have a priest exercising sound judgment, not just saying, “Oh, yeah, that’s probably unclean. You just get outside the camp, and tear your
clothes, and mess up your hair, and do the whole deal, be isolated.” No, we have a High Priest who cares about
us, who wants us in the community, who judges us with righteous judgment. So let’s talk a little bit, let’s get back
into our New Covenant dispensation and look in the New Testament a little bit about what
the solution to these spiritual conditions are because it’s worth talking about. Let’s go to 1 John 1. 1 John 1:9, it’s a memory scripture, you might
have memorized this at some point. I don’t know… I know it took me a long time to even notice
what it was talking about here, it says, “If we confess our sins, He is faithful and just
to forgive us our sins and to cleanse us from all unrighteousness.” And we see the process there, don’t we? We see the confession, right? We notice we have a problem, we confess to
God we have a problem, we take it to the Priest and He is faithful, He is just, He administers
judgment with justice. We’re not only forgiven of our sins, we are
cleansed from all unrighteousness. And we’re going to notice a lot of this language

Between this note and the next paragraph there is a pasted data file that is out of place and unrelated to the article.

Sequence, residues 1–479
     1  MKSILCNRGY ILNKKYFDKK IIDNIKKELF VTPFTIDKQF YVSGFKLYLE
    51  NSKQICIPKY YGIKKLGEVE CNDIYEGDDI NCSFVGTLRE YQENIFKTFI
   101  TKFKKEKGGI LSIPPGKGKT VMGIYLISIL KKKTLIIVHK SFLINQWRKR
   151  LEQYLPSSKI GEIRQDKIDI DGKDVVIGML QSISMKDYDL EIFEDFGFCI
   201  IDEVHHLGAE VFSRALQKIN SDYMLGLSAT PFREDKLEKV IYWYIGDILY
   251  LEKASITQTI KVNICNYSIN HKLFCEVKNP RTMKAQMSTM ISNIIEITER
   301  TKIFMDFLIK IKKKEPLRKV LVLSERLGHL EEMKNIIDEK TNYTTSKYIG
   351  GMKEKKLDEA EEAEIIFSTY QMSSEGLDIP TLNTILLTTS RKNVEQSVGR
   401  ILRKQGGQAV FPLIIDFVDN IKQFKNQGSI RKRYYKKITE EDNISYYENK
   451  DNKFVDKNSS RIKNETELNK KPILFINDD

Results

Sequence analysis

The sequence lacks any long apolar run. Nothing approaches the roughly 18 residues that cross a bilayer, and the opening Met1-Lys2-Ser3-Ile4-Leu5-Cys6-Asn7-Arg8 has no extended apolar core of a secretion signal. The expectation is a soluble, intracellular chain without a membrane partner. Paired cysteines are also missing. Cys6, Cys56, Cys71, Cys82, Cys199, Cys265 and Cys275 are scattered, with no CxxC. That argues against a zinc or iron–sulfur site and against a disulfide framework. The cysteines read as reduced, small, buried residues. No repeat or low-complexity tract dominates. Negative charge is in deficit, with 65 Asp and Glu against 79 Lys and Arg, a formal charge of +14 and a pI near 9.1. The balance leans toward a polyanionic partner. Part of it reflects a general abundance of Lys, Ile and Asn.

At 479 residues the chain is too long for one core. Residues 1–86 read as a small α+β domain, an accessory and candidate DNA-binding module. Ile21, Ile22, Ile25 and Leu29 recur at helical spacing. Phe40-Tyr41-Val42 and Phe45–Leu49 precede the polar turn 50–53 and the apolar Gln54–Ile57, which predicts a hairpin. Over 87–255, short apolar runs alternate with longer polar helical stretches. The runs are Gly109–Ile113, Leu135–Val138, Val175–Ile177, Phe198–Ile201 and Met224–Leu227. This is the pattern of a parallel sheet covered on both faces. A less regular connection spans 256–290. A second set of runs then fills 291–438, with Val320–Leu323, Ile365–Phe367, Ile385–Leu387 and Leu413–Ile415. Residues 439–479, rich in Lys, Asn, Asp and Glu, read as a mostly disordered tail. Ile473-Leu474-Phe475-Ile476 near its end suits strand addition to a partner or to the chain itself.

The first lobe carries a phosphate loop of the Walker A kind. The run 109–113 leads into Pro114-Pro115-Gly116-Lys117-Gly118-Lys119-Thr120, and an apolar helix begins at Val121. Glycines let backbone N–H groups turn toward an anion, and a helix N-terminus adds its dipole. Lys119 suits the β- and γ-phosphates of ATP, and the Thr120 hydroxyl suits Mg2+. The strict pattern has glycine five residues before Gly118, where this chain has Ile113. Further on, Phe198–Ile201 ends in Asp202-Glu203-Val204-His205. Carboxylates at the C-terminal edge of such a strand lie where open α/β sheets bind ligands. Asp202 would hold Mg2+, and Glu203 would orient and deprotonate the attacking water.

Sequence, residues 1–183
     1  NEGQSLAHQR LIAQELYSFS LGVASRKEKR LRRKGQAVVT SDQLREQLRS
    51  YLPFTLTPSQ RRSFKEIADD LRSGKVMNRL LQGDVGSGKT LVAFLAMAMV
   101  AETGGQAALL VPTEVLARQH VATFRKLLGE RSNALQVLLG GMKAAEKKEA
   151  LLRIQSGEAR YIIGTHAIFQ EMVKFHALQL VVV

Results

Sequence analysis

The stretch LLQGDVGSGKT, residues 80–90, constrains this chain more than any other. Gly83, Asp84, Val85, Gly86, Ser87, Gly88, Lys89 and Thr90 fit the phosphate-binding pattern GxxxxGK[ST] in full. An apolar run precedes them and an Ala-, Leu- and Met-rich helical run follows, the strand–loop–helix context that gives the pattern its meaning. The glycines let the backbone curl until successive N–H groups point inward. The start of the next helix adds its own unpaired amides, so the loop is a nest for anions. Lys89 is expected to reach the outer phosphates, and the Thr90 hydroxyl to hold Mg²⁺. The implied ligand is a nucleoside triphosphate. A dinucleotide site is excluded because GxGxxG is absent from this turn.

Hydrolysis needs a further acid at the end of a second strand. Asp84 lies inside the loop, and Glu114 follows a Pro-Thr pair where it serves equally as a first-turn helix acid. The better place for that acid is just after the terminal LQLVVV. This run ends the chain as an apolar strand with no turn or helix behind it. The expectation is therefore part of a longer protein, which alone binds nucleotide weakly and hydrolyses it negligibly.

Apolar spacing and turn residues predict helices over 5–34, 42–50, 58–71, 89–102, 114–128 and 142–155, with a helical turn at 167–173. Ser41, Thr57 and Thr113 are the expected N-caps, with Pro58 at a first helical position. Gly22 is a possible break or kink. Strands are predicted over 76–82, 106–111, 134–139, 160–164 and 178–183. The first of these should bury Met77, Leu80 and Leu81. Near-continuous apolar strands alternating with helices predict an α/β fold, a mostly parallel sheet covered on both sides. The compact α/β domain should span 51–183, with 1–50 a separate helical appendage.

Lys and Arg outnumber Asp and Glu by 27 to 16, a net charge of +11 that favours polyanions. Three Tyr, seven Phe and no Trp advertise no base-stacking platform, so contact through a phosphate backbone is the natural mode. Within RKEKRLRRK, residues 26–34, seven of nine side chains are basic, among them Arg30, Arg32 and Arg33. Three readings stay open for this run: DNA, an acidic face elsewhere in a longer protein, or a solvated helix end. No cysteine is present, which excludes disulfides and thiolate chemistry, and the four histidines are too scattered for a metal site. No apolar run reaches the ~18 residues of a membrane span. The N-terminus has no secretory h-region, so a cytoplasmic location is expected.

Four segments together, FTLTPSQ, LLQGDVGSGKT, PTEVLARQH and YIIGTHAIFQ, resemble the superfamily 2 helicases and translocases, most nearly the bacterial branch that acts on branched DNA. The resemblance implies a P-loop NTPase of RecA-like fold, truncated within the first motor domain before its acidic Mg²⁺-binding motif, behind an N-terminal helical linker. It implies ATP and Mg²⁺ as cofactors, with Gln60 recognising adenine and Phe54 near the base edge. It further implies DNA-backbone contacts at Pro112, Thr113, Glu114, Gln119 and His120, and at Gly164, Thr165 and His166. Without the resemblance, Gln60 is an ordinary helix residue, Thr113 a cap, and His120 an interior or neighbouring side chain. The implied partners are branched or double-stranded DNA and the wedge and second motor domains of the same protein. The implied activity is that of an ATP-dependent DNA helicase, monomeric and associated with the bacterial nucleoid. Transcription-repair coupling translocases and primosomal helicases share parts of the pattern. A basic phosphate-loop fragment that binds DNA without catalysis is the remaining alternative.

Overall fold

of cleansing, and purification and sanctification in the New Testament to reinforce this. So what’s the solution to these spiritual
conditions? Number one is to bring your spots and blemishes
to the Priest, confess, bring it to God, and then and only then we can be clean. Along with that though, second point is to
stay away from what causes it to begin with. Not to defile ourselves with the unclean neither
physically nor spiritually. Come with me to 2 Corinthians 7, in fact,
we were right next to this verse talking about “touch no unclean thing” that was in chapter
6 verse 16. And the discussion on the clean, unclean continues
right into chapter 7 verse 1, “Therefore, having these promises,” what promises? We read it a minute ago. The promise of coming into the presence of
God, “having these promises, beloved, let us cleanse ourselves from all filthiness of